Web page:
From April 8-10, I spent a marvelous three days in Boston for the National Conference on Media Reform, hosted by the non-profit Free Press. Not only did I have the chance to see my best friend, who's studying for a PhD. at Harvard, and to sample some of Boston's famous ice cream offerings, I attended some fabulous panels at the conference, several of which I reported on for Ms. magazine.
More than a hundred years after the intrepid muckraker Nellie Bly pioneered the genre of undercover investigative journalism, American mainstream media has yet to embrace women as equal players in the industry: as editors, reporters, managers, sources or subjects. You’d think a century might be enough time for a profession that purports to speak truth to power to empower the voiceless in its midst. Not so much. Women hold only 27% of top management jobs, according to a new report [PDF] from the International Women’s Media Foundation. (click here to read about the panels on media policy, reality TV and the sexualization of young girls.)
Meanwhile, you have to wonder why the NYT keeps letting its reporters slime rape victims in its coverage time and again. Is it a coincidence that the two most controversial articles were written by men? Not clear. But a magnificent piece by Washington Post reporter Emily Wax (inexplicably shunted into the "Lifestyle" section -- oh wait, there is an explanation for that, sexism) on female journalists and sexual assault and harassment highlights that in some cases, there *is* a clear difference between male and female reporters:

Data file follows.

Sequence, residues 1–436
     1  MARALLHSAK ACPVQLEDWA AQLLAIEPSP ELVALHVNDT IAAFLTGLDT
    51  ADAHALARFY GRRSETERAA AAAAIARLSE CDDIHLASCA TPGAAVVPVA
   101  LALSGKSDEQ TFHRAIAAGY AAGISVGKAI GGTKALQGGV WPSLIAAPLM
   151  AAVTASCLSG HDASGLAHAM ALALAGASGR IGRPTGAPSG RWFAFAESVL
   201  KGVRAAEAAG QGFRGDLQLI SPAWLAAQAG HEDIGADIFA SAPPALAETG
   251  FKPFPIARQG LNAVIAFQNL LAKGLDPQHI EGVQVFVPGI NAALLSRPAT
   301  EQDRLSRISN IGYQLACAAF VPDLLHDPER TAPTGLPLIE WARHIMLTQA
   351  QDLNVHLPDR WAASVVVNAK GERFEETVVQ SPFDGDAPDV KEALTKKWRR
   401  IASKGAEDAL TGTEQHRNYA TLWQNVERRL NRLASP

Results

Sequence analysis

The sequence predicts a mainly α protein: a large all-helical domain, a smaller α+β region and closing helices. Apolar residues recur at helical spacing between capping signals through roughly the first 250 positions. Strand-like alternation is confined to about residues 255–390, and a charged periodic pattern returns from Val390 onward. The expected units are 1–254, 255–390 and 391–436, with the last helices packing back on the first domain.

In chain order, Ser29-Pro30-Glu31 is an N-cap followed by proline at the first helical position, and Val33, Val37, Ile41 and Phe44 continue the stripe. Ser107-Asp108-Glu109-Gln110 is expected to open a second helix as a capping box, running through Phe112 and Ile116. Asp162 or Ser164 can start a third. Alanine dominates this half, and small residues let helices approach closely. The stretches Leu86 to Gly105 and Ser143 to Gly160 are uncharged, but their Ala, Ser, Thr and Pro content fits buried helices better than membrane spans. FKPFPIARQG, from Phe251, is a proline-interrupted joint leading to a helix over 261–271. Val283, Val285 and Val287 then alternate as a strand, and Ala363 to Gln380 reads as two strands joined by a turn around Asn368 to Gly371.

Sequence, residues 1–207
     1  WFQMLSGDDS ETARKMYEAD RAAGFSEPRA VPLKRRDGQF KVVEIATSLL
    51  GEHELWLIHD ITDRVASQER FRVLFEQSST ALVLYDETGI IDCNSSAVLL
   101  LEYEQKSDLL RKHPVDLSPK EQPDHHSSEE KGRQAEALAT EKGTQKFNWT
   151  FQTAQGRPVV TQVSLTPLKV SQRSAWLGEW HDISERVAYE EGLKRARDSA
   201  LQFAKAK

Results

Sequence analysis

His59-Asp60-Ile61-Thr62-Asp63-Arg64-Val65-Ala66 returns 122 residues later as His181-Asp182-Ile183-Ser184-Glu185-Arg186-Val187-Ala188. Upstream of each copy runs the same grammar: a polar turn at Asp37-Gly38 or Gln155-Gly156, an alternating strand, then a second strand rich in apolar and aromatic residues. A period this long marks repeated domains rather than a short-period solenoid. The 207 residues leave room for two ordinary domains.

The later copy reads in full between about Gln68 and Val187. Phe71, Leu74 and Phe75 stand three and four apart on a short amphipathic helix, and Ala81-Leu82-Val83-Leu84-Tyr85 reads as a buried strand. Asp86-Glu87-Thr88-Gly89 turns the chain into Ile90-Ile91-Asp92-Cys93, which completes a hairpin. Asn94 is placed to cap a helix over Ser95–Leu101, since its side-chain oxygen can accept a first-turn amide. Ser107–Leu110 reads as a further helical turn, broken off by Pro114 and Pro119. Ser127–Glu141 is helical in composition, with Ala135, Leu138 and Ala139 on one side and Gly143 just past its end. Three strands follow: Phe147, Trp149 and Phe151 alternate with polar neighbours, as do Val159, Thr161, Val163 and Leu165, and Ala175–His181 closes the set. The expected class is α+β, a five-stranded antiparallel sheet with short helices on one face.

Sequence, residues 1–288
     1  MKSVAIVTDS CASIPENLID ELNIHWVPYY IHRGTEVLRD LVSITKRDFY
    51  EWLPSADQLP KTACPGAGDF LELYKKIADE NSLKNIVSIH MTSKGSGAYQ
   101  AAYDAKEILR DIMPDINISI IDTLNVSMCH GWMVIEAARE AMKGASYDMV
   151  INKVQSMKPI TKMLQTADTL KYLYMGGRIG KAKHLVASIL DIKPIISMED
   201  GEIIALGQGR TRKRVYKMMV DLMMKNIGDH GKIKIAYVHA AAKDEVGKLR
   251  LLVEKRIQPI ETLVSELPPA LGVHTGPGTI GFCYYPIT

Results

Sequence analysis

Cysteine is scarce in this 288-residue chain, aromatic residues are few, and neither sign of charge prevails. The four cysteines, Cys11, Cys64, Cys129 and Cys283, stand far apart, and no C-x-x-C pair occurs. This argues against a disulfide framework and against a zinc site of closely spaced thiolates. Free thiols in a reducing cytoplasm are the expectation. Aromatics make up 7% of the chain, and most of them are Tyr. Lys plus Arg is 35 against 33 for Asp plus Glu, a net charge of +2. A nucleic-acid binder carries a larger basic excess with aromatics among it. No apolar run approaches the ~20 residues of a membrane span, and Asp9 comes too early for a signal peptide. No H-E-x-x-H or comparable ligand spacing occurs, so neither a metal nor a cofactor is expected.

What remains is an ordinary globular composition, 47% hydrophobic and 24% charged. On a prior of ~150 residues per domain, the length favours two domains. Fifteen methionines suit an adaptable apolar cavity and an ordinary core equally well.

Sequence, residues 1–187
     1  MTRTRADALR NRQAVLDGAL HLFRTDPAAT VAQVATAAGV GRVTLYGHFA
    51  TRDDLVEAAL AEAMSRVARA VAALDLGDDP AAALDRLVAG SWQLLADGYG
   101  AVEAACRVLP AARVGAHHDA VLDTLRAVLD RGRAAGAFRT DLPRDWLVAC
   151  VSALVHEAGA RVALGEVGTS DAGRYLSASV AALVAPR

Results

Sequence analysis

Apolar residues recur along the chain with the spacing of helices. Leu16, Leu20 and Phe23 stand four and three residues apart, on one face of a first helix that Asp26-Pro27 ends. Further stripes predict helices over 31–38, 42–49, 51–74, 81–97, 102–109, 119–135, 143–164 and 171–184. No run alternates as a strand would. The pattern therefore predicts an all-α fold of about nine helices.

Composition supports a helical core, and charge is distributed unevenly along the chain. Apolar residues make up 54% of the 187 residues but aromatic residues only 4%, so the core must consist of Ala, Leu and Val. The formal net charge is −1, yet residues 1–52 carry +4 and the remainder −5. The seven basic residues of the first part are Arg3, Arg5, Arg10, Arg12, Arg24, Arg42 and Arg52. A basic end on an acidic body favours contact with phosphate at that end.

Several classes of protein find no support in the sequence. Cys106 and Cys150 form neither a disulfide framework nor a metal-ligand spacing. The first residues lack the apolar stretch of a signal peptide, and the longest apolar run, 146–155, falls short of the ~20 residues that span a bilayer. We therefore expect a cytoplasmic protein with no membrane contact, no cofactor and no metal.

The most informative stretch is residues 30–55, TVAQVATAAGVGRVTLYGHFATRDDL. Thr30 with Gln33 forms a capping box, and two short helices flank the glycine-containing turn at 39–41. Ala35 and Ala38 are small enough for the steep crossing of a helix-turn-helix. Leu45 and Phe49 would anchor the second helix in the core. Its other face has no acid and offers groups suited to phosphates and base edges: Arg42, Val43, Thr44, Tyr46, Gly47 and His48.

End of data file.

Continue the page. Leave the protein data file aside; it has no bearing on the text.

I think of the time I spent reporting in Congo, when male reporters cringed when I said I was working on a story about a hospital ward filled with women who had to have their vaginas reconstructed because the gang rapes by rebels were so brutal. “I won’t go near that story,” one male journalist said. I couldn’t allow myself to ignore it.
Readers agreed and sent the hospital huge donations.
I don't know if anyone else feels the same way but I am SHOCKED to hear a reporter say he (or she) "won't go near" a story. I find that an appalling dereliction of duty. Thoughts?